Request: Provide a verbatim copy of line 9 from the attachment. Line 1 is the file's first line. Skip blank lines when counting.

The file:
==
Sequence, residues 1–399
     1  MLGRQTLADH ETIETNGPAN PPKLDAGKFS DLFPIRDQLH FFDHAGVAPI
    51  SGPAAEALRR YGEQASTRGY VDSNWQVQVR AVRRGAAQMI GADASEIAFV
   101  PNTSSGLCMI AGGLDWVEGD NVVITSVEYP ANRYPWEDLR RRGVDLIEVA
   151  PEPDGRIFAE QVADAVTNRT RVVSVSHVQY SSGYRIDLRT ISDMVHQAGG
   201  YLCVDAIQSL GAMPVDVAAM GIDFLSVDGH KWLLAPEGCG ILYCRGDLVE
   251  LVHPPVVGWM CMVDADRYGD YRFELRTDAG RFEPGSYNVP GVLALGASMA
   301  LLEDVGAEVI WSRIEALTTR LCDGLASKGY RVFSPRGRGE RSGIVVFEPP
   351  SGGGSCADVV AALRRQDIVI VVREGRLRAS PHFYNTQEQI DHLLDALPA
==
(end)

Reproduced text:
   351  SGGGSCADVV AALRRQDIVI VVREGRLRAS PHFYNTQEQI DHLLDALPA